the first ever singing performance to take place in the
Buddhagaya premises. I felt truly a blessed man to see it come
alive in such a sacred place. Words and kavi which were in usage
500 years ago during the Kandyan kingdom became musically-rich
in Pirinivan Mangalyaya. People who had never heard a word from
an opera before appreciated all these musical efforts. Currently
I am working on my new opera, Agni, which is based on the theme
Recently there was a programme on my work at the University of
Peradeniya which showcased film music, teledramas, operas and
cantatas. I was stunned when a little girl walked up to me and
said that she preferred the second half of the show which
consisted of operas to the first. I felt that the message of
opera has reached the music-loving community when I heard her
Q: You are often referred to as an experimentalist who went in
search of the ‘music of your soul’. How do you attempt to
address the souls of many through your rhythms?
A: Any artistic creation is like giving birth to a child. It
comes through lot of pain but it’ll always remain precious. Even
if you take great classical masters, their work somewhat reveal
their inner personalities, but strange enough it appeals to the
masses and they are honoured and enjoyed over centuries. I feel
that any attempt should bring the best out of me but at the same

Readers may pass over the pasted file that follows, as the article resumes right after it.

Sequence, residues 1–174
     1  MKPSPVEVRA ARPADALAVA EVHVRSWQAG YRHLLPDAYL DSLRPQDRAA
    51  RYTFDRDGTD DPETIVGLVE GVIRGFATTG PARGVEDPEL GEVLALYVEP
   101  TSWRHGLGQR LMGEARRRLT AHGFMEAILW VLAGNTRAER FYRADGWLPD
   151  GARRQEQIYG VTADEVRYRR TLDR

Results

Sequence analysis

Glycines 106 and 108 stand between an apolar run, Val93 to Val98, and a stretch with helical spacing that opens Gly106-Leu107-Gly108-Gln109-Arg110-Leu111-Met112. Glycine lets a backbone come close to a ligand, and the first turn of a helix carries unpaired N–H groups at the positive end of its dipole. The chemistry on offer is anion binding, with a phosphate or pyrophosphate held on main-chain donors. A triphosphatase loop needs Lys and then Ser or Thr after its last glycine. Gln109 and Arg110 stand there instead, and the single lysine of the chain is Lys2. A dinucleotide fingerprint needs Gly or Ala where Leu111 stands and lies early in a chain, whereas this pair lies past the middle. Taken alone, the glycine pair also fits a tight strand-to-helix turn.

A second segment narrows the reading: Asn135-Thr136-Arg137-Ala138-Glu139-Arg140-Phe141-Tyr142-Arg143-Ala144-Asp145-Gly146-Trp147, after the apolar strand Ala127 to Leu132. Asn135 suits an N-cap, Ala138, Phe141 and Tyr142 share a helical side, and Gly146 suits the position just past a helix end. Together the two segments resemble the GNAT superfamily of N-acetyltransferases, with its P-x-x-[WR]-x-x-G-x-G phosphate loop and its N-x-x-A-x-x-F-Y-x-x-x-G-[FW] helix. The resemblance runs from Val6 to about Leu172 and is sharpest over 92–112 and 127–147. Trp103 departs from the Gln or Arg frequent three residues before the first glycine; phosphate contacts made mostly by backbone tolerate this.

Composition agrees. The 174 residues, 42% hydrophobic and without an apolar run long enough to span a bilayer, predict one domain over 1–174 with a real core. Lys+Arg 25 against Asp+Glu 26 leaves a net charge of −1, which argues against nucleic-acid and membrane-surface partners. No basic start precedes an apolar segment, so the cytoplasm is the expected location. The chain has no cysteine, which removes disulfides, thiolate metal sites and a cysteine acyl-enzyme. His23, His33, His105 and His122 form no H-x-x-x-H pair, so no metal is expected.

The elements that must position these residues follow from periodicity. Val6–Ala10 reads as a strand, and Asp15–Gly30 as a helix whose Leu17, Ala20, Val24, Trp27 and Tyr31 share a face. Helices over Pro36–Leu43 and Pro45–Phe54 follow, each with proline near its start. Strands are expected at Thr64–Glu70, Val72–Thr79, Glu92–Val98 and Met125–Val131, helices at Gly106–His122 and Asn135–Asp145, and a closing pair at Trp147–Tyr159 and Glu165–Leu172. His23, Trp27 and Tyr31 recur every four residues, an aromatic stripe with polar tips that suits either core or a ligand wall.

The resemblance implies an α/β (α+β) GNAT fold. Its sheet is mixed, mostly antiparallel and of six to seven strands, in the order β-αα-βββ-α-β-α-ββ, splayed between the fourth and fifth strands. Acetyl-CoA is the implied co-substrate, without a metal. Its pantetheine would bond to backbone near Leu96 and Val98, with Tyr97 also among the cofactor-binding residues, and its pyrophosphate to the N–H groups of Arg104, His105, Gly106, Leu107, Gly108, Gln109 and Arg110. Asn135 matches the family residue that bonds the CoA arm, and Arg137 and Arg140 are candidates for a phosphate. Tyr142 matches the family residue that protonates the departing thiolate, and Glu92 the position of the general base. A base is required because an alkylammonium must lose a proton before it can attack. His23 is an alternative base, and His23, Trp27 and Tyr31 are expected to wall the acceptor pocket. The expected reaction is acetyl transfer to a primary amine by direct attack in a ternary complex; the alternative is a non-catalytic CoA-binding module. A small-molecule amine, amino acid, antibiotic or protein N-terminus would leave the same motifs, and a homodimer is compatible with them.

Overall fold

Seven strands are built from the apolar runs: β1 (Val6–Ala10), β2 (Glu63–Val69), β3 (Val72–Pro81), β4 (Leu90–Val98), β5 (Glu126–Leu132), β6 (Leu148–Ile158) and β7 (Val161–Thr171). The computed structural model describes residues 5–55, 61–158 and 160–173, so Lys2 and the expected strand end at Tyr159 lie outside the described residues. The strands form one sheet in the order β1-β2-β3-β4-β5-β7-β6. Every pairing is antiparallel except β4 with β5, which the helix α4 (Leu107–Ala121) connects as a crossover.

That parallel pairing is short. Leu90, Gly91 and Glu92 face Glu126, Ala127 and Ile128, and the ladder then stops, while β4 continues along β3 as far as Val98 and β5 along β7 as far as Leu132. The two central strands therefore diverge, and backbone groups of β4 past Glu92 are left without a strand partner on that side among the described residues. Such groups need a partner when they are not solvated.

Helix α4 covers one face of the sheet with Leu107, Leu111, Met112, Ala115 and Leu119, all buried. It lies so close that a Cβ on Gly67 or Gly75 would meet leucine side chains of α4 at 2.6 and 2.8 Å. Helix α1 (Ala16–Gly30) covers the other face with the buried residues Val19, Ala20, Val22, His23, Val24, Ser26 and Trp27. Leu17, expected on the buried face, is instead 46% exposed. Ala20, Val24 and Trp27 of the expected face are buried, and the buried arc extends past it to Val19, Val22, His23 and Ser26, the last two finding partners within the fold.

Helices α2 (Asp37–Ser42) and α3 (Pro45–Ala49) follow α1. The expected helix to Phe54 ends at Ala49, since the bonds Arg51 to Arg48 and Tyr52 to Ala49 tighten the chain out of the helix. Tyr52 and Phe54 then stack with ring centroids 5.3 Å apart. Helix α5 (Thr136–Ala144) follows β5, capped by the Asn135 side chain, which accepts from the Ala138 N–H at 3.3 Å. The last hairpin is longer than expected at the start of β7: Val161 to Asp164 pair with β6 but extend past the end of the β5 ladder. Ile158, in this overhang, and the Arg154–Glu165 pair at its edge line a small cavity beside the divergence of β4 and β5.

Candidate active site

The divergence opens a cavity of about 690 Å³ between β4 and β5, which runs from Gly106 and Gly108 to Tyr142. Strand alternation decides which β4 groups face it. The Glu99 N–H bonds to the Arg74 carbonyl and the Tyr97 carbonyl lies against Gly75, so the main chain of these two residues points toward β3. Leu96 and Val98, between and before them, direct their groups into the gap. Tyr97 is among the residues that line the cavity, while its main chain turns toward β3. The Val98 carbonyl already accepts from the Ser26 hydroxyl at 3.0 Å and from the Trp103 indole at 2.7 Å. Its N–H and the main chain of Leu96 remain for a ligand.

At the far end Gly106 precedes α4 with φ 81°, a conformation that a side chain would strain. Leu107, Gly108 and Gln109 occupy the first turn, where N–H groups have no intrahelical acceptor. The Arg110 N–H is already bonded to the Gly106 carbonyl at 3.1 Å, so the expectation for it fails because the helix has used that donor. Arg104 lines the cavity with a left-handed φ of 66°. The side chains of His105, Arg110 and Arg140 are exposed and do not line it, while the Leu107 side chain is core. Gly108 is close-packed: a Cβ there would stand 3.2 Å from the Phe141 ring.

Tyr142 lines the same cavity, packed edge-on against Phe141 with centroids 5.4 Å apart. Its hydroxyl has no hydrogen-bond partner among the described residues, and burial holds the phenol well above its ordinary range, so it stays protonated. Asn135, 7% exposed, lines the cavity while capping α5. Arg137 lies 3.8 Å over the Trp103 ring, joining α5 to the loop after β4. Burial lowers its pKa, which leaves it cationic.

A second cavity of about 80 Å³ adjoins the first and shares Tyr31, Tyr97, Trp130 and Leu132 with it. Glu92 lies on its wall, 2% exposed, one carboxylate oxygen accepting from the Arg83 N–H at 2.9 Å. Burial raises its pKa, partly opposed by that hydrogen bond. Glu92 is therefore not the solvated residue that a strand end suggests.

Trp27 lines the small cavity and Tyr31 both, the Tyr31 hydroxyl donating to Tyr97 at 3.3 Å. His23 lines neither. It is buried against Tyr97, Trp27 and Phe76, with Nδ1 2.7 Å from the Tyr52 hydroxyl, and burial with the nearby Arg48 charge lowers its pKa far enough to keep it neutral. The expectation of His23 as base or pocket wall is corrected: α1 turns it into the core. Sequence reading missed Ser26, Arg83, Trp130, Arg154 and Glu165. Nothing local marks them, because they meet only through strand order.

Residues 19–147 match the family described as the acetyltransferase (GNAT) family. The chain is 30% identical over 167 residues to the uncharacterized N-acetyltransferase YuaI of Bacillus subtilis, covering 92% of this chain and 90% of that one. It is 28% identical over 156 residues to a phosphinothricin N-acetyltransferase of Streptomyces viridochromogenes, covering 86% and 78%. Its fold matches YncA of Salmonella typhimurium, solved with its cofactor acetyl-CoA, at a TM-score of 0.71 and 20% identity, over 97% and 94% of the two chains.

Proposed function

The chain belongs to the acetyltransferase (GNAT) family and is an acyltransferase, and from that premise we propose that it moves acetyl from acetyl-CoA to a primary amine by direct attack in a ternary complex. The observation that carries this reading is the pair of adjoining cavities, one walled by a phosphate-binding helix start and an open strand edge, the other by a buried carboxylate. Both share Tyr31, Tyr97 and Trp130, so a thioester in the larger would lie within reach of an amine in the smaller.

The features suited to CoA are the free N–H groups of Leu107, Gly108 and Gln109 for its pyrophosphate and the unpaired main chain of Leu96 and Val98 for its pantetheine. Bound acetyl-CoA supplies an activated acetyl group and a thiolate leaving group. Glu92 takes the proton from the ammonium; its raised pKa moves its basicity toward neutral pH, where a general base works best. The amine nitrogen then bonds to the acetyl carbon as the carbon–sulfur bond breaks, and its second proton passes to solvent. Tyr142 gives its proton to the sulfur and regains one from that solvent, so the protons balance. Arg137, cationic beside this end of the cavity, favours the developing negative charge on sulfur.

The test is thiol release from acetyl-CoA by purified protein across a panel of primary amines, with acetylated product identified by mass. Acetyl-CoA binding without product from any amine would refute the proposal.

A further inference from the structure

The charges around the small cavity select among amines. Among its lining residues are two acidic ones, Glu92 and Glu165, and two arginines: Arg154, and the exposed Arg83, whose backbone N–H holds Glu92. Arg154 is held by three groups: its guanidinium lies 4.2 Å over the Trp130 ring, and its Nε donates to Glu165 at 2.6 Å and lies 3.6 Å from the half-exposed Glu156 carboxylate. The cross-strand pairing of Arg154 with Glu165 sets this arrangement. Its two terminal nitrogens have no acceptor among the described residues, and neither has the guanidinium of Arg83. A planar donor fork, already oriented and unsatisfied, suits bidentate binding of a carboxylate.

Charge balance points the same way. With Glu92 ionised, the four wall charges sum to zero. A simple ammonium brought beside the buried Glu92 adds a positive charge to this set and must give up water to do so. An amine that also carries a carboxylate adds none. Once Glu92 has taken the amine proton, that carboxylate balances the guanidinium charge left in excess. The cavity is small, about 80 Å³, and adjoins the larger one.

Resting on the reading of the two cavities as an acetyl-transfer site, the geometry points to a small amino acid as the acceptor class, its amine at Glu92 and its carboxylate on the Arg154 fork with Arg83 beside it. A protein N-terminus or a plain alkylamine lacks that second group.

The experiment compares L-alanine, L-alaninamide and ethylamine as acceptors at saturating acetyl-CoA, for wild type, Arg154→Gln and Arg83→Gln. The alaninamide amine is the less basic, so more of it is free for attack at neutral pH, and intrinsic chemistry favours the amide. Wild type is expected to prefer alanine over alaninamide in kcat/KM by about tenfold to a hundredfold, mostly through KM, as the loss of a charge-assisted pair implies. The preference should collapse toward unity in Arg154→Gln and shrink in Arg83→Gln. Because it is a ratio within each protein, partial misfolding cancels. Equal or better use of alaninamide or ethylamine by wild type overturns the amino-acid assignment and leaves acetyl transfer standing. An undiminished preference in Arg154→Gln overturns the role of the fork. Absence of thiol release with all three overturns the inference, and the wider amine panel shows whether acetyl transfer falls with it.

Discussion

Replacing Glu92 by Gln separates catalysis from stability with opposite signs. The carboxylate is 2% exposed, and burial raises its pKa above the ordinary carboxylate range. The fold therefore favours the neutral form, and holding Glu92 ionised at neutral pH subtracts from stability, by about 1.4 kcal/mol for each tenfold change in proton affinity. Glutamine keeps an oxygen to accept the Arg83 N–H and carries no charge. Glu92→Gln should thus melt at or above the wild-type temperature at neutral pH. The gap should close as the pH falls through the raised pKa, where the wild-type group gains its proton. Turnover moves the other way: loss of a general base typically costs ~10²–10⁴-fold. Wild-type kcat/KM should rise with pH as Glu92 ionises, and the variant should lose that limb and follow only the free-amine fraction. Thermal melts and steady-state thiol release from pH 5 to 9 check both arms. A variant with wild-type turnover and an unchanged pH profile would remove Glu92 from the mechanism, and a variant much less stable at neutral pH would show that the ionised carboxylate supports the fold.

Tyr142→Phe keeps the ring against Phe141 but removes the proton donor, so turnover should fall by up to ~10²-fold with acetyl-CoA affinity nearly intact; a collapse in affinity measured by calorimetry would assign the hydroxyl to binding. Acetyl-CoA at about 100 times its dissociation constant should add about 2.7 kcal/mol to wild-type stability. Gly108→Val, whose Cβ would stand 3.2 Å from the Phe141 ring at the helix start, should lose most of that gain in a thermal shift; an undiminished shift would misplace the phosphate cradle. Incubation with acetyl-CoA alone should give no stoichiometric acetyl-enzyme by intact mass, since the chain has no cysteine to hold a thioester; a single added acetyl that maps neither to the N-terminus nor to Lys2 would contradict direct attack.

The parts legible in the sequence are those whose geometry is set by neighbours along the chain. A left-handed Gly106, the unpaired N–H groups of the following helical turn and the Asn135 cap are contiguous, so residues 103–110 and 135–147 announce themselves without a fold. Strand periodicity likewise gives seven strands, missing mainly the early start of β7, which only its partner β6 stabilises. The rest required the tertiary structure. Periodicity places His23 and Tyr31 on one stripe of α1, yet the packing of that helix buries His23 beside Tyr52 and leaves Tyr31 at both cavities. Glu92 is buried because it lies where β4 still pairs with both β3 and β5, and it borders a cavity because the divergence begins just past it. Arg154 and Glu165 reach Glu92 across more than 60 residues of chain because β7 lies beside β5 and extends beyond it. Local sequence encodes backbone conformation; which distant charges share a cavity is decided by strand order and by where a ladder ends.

time it has to be devoid of selfish motives of pleasing only
myself. The universe has to share it with me. Till these two
extremes meet, I am experimenting. I always think ‘my best is
yet to come’. It is no easy task to take an audience throughout
all your experiments. I am a happy man whose audience had stood
by me in all of it.
Q: Master was bred in the university of life. How did this
education enrich your creations and your life?
A: The human mind has three parts- the bottom is rich with the
experiences gathered through out many bhavas or births. The
middle is what one brings from previous birth and the topmost is
what others or rather gurus fill up with. I am indeed happy that
this part of mine went untouched! Had I restricted myself only
to one forte, I would have been a stagnant man. I have worked
with world renowned musicians and have even contributed to
international films. Wisdom is something I reaped from man
himself and not from any books.
I have come across many talented youth who are not in the least
influenced by school or teachers, but rich in their instinct.
The best interpretation of my own music was by a young boy of
about 15 selling ratakadju. That was the time Dandubasnamanaya
was being shown on TV. He pointed at me at a traffic jam and
told his fellow ratakadju seller – ‘ehenne ekak, penne ekak,
dekama ekathu karama marai bang. Meya thama eka karanne’. (We
hear something, we see something else. When both come together
it is amazing. This is the man who does it). In Dandubasnamanaya,
I used a contrast of music, to make the visual and the music
clash to create something unique. If that youngster could have
felt it in his pulse, I can imagine what he is capable of in the
music world. This is not something that an institution can spoon
feed, you have to be born with it.
I have made thousands of people happy with my creations and
people are the best earnings in my life. Music is my life blood
and I believe that is what gave me sustenance to face three
crucial kidney surgeries at this age. If you can bring a smile
to someone else’s life and touch the heart of that person, no
matter what you are, you will indeed be a blessed man.